Third, misrepresentation of China's actions and intentions are so rampant and entrenched that a new version of "Yellow Peril" plus "Red Scare" is forestalling any meaningful and necessary dialogue on the future of the regional security arrangements. The animosity against China, dressed up as ideological or systemic rivalry, is deeply rooted in colonial/imperial history and modern racism, which is very much relevant to all Asian nations. Market competition nowadays is converted into national security violations, and protectionism is retrofitted into so-called modern supply-side economics. In fact, the continued efforts to artificially reallocate key tech supply chains outside of China is not "de-risking", but "de-stabilizing" the global trade and financial systems.

All of these new features are threatening to divide the world, as well as the region, into unbalanced parallel systems, which in turn will reinforce a trend toward political-economic nationalism and further risk systematic security and welfare degradation in Asia.

We need to look back and examine the historical evolution of the postwar security settlement to understand the problems we are facing today. The time between the end of World War II and the end of the "War on Terror" in Asia can be roughly separated into two eras: the era of revolution and war and the era of relative peace and rapid economic development. The watershed between these two is a set of geostrategic arrangements that integrated China into the global market and decreased the Cold War security barriers along the "first island chain". It was not just the Treaty of San Francisco and ensuing bilateral security alliances with the US that guaranteed the long peace across the Cold War and the "unipolar moment "afterwards; rather, it was the Shanghai Communique that cemented the architecture of peace in Asia since the 1970s.

Now there is more distrust, escalating disputes and great uncertainty, and the people of Asia have two choices of how to address the deteriorating security environment. One is moving back to the previous status quo. In fact, we are currently on this path because parties involved in the disputes are pointing fingers at others for breaking the status quo and trying to use whatever means necessary to push back the perceived revisionists. But the more countries invest in restoration, especially by involving external forces to counterbalance a natural power shift, the quicker they erode the foundation for the architecture of peace. The other way, perhaps an even harder path, is to be bold and creative, and turn the crisis into opportunities to build the next generation of peace through our common historical wisdom and experience.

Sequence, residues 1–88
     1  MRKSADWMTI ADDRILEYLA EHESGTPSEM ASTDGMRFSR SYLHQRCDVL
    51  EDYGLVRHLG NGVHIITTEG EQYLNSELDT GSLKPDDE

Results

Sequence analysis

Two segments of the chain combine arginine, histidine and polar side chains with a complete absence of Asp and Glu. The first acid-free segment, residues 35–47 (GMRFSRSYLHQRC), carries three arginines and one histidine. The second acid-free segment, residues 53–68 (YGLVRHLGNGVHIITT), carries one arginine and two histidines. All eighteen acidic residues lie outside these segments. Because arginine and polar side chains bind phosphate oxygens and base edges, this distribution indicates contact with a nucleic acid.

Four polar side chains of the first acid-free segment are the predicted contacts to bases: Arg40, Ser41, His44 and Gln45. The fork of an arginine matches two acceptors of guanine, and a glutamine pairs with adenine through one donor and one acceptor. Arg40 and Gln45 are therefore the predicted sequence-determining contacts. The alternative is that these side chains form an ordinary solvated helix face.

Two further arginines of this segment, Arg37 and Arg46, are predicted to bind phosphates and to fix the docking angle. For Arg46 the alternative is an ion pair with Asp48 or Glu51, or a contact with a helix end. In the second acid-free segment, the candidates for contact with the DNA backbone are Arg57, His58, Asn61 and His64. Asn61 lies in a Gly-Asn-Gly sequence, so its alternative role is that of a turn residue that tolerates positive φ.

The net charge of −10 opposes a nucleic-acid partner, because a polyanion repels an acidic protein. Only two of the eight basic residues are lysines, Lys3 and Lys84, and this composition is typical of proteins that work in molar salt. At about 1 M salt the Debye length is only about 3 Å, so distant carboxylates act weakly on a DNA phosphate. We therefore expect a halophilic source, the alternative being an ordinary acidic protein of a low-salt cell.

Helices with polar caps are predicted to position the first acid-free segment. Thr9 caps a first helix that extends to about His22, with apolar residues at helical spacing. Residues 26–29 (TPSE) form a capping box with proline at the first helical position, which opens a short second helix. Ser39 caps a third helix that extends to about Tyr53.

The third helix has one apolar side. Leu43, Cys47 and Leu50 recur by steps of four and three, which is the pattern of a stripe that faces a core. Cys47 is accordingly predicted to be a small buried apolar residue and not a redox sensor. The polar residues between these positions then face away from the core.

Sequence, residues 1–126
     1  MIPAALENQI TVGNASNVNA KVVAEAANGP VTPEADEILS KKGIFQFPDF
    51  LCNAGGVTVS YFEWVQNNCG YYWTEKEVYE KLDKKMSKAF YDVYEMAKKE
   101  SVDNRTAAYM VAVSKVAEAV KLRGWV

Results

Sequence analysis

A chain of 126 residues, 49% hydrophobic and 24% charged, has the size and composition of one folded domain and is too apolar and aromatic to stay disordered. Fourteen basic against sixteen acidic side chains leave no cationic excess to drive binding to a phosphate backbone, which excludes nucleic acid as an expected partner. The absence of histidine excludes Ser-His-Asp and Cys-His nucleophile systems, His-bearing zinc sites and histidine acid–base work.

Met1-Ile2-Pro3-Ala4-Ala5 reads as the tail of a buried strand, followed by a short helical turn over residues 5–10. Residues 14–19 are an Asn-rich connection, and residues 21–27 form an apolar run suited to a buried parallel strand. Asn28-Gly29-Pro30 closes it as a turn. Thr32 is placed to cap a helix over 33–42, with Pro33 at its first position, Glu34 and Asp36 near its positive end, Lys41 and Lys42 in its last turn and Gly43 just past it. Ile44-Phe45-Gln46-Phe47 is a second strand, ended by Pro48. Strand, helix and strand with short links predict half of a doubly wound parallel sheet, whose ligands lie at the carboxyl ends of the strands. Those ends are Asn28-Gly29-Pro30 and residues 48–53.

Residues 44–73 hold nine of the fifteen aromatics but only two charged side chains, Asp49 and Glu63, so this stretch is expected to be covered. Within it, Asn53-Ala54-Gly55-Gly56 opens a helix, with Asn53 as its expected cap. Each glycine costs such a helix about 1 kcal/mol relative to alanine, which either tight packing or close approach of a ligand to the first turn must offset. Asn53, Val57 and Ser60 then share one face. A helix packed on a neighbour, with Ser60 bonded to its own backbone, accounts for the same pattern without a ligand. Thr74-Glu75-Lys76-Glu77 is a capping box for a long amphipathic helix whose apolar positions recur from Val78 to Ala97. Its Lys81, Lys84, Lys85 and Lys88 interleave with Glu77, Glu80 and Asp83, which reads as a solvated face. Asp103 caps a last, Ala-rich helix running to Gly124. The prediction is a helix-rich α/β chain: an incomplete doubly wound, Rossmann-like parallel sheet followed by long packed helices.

Recent Chinese efforts to advocate new security concepts largely included in the Global Security Initiative reflect the general trend in China to leverage Chinese and Asian history to rethink the modern ideas that underpin the political-economic structures of the region. The theoretical reconstruction begins at home by focusing on the "Chinese path to modernization", but with more nations seeking to modernize on the back of their own culture, history and resource endowments, it is natural that Asian countries have very different visions of how to build peace in the future. For China, the vision of "common, comprehensive, cooperative and sustainable security" is not a mere political statement to challenge the Western "rules-based international order", but an attempt to fundamentally achieve long-term peace collectively through regional awakening to the limitations and unsustainability of the "Pax Americana" in Asia.

We are realizing the idea of building a community with a shared future in the neighborhood by reviving the ancient Silk Road and mediating peace on top of modernizing infrastructure and enhancing interconnectivity. We are also integrating the Global Development Initiative and Global Civilization Initiative with the Global Security Initiative, making sure that the future architecture of peace in Asia is not based on coercive deterrence or ideological camps, but on mutually assured dependence and mutual respect for diverse cultures.

The future of Asia is not and will not be defined by vague historical traps, but generated by the interactions of choices.









The author is the director of the Foreign Policy Analysis Department at the National Institute for Global Strategy, Chinese Academy of Social Sciences.